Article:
DO make sure you know the legal position and your child’s rights. As a parent, you are legally responsible for making sure your child receives a suitable education by attending school or via elective home education. But local authorities (LA) have to provide alternative education, or ‘education other than at school’ (EOTAS) to children who are not currently receiving an education by reason of illness, exclusion or otherwise. So if you and the school have tried all the right things to help your child attend and they really can’t go to school, the LA should provide them with an alternative such as home tuition or alternative provision. This is pretty clear cut when it is a physical health problem but can be trickier when it is a mental health issue or unmet SEND. Ideally, you will have evidence from a health specialist, but it can legally be from your GP in some circumstances, for example if you are on the waiting list for CAMHS. See below for additional information about the legal position from national advice charity IPSEA.
DO cooperate with the things the school or services like ESBAS ask you and your child to try, even if you are sceptical about whether they will work. Ultimately you will want to show that all reasonable alternatives have been tried, and sometimes things go better than we expect. On the other hand, if you think the proposed approach could be damaging for your child you need to explain why and look for evidence to back this up.
DON’T accept a part-time arrangement as a long-term solution. Part-time timetables can be a useful tool to help a child through a tricky period or help them return to school after a gap. They should be time limited with a process to review and build up towards getting a full time education. If a child is on a part-time programme longer than a period of weeks, careful thought needs to be given to whether they need different provision. Is it time to look at requesting assessment for an EHC Plan? If they already have an EHCP do they need a different placement now? Watch our Amaze SENDIASS video about informal school exclusions and part-time timetables.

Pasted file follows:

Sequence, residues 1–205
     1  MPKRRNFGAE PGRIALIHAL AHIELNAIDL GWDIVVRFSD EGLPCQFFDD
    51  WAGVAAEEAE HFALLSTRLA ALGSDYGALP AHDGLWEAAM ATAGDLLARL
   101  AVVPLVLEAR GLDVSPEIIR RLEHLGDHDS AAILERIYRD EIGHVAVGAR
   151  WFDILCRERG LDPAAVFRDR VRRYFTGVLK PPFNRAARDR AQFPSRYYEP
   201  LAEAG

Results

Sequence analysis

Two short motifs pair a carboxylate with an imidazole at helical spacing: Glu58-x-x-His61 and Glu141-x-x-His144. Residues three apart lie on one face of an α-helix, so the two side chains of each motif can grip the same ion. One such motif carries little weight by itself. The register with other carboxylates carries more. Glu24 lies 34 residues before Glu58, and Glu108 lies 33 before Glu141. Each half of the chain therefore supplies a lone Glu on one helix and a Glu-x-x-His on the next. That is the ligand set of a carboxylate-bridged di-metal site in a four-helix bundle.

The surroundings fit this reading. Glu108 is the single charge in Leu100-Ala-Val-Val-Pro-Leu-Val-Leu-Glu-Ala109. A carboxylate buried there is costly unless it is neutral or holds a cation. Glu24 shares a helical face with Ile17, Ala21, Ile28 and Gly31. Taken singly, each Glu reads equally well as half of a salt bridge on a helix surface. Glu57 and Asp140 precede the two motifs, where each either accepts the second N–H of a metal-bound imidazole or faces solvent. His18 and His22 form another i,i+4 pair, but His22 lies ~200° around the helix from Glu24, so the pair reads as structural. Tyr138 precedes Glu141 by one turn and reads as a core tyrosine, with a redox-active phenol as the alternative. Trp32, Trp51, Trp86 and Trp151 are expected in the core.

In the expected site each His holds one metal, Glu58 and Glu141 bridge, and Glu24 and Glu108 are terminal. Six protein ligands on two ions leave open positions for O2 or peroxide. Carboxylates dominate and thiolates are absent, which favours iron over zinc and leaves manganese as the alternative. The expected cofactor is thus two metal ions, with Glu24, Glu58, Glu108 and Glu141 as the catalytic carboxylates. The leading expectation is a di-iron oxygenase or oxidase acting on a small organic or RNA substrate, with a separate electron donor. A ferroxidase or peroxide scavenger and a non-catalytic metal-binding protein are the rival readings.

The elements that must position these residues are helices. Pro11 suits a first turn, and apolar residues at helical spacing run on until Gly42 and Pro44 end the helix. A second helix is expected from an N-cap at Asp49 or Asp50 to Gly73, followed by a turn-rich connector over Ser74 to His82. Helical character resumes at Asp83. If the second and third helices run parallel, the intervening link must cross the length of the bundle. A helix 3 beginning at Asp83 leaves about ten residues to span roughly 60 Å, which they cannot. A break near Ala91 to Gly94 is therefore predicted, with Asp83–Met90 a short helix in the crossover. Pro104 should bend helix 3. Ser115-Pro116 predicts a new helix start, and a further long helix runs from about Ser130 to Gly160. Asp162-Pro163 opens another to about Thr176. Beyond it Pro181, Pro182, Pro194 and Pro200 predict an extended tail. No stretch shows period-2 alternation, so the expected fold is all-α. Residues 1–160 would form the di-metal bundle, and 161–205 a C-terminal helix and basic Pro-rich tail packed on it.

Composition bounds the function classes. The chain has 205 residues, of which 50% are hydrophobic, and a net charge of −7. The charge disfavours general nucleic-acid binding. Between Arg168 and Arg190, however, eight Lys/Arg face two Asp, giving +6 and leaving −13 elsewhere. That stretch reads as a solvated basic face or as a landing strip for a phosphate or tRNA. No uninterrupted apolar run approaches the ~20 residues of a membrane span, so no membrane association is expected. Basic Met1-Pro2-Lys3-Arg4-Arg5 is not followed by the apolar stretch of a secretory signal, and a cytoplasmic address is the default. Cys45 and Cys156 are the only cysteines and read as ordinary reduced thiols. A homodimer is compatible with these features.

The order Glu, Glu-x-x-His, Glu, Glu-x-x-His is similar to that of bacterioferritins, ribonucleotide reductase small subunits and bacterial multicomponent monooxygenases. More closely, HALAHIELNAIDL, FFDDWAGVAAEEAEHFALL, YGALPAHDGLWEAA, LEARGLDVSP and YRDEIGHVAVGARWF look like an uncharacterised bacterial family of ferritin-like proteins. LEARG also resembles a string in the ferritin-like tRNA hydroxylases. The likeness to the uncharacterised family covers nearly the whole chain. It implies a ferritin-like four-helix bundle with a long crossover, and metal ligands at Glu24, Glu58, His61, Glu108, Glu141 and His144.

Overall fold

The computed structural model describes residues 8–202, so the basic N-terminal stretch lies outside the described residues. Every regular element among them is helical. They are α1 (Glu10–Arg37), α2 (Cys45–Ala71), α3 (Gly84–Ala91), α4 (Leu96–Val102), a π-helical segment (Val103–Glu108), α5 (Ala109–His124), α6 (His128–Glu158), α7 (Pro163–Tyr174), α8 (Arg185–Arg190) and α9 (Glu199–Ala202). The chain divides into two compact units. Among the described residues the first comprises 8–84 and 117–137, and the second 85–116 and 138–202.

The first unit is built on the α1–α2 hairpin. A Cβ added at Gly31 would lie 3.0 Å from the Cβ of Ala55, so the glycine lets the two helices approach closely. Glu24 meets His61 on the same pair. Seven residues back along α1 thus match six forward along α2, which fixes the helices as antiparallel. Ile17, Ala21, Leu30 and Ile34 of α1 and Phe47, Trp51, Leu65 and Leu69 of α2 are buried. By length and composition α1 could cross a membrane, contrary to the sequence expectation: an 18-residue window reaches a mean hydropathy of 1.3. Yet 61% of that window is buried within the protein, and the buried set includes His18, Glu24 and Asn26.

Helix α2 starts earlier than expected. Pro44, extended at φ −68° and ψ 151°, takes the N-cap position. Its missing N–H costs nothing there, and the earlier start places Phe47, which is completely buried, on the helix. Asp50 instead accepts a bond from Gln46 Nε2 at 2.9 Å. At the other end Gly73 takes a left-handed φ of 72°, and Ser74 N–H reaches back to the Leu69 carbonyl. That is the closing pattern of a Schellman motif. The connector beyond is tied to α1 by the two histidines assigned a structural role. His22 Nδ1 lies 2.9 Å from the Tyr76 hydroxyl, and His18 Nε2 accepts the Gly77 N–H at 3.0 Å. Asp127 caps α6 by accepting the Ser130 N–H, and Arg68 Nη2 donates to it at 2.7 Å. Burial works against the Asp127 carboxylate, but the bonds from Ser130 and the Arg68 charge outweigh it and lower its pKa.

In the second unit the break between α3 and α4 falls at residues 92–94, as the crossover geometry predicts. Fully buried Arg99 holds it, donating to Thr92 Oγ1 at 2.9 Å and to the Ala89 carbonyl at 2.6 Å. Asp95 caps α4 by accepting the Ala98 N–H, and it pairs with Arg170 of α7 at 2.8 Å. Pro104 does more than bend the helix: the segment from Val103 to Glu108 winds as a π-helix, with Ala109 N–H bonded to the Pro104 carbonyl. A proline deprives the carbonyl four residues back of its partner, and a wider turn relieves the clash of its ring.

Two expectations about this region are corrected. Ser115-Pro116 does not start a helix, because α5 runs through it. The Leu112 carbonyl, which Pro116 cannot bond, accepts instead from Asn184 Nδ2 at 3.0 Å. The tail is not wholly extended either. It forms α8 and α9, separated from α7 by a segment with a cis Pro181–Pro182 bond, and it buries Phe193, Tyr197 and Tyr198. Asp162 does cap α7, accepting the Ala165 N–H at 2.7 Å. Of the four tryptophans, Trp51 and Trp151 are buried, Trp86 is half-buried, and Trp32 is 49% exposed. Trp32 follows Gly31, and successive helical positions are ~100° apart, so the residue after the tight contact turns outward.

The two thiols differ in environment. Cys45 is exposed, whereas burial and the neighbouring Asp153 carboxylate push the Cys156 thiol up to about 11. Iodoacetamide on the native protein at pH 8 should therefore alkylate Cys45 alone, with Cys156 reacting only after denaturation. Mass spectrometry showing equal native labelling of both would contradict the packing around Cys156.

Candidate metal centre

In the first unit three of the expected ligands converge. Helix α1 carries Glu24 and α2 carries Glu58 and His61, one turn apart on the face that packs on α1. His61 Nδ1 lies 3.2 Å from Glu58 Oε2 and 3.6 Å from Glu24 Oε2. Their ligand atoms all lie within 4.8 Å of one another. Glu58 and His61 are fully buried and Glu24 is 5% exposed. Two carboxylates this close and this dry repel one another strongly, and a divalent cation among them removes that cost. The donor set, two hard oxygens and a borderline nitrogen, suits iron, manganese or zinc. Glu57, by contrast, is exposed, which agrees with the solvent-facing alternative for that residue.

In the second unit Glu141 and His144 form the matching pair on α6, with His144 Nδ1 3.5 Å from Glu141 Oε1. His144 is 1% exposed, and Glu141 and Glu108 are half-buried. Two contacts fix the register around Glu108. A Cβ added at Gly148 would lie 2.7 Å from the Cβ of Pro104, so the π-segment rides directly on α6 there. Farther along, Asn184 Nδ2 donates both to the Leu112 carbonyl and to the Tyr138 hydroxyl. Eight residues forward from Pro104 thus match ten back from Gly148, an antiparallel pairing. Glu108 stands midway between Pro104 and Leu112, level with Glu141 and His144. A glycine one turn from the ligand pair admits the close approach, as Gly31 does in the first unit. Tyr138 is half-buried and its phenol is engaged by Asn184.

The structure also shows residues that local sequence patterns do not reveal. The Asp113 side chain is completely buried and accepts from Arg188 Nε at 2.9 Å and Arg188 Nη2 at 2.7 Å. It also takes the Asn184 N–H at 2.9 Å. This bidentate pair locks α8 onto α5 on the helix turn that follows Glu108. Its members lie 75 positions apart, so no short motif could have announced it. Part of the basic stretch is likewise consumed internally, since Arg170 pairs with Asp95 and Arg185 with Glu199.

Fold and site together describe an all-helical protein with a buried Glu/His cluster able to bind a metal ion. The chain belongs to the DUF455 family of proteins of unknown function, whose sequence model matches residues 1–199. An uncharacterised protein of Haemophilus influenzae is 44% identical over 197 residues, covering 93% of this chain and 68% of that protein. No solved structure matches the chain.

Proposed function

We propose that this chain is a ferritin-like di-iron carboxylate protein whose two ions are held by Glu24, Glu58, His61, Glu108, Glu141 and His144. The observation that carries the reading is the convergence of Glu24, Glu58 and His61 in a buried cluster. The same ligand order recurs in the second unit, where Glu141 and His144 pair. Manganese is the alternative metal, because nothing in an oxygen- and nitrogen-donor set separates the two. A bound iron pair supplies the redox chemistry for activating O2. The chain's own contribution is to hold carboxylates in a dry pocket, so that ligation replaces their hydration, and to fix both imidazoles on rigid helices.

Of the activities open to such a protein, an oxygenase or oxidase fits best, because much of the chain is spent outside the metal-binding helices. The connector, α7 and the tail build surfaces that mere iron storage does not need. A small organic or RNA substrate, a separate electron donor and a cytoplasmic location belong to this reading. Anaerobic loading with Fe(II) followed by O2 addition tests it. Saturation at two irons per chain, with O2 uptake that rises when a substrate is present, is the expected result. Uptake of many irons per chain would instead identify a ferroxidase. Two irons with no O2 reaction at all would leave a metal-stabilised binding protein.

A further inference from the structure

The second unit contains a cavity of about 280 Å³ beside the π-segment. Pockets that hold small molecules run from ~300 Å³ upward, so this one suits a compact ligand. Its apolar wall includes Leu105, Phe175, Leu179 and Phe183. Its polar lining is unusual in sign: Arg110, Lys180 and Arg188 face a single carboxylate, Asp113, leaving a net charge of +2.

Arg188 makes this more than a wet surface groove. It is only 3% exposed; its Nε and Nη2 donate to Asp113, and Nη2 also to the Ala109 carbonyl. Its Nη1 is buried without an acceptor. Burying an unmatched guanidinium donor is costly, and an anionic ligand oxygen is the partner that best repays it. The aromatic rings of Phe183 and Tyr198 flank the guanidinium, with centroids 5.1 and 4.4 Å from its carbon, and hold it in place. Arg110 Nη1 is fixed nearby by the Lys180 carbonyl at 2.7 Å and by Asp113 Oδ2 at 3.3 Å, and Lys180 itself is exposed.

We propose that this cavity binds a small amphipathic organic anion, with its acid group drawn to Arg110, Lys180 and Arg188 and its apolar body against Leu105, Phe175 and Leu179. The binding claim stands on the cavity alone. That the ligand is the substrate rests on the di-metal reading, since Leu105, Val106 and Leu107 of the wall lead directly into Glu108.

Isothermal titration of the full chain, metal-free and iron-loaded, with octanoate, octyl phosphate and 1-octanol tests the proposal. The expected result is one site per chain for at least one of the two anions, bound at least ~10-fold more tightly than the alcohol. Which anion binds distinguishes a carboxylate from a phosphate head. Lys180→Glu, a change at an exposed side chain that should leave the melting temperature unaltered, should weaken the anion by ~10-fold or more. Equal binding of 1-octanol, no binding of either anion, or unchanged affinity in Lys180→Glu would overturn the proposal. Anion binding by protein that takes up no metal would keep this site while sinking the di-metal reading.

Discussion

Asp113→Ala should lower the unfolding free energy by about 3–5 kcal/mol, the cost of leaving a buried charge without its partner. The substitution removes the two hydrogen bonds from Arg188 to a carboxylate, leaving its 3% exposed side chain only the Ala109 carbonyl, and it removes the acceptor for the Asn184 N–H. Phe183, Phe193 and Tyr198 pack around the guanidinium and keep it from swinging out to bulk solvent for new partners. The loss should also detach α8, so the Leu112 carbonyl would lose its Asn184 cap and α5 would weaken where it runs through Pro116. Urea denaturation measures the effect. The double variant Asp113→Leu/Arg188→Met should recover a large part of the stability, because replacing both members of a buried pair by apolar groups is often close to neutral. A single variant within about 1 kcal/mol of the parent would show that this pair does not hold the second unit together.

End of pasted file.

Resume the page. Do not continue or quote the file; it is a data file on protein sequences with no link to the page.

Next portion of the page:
DO find out more about Emotionally Based School Avoidance (EBSA) if you think this may be the best way to understand what is going on for your child. This is a term used to describe children who are having serious trouble attending school due to emotional factors such as anxiety. But bear in mind that for some children what looks like EBSA is actually due to unmet SEND needs, for example if they have learning difficulties or sensory issues that have not been fully recognised or supported. Read more about Emotionally Based School Avoidance (EBSA).
DO look for advice and support for yourself a well as your child. It can be very stressful supporting a child who is unhappy and struggling. There are many other families in a similar situation. SENDIASS can offer impartial advice about the law and local services, but why not also join a parent group to get mutual support. Our SENDIASS advisers can provide details of local and national groups, but the groups run by Amaze Face 2 Face are a good place to start.
Help from Amaze
- SENDIASS advice line: 01273 772289 or email@example.com
- Amaze Face 2 Face has parent groups in East Sussex and Brighton & Hove
East Sussex County Council
- Education for children too ill for school in East Sussex: Teaching and Learning Provision (TLP)
- ISEND Services to help children with SEND including ESBAS (support with attendance and behaviour)
- Elective Home Education (East Sussex) information
Brighton & Hove City Council
- Education for children too ill for school in Brighton & Hove: Education Other Than At School (EOTAS)
- BHISS (the local inclusion support service that offers help with SEND, including behaviour and mental wellbeing)
- Elective Home Education (Brighton & Hove) information
- IPSEA advice
- Not Fine In School – support information for families with a child facing barriers to school attendance
- West Sussex County Council produces really useful information information on Emotionally Based School Avoidance (EBSA)
- Sussex CAMHS parent page
- NHS advice for parents on helping their child’s mental health
- Young Minds parent advice
- Place 2 Be (parenting advice from child mental health experts) Place2Be: Parenting Smart: Articles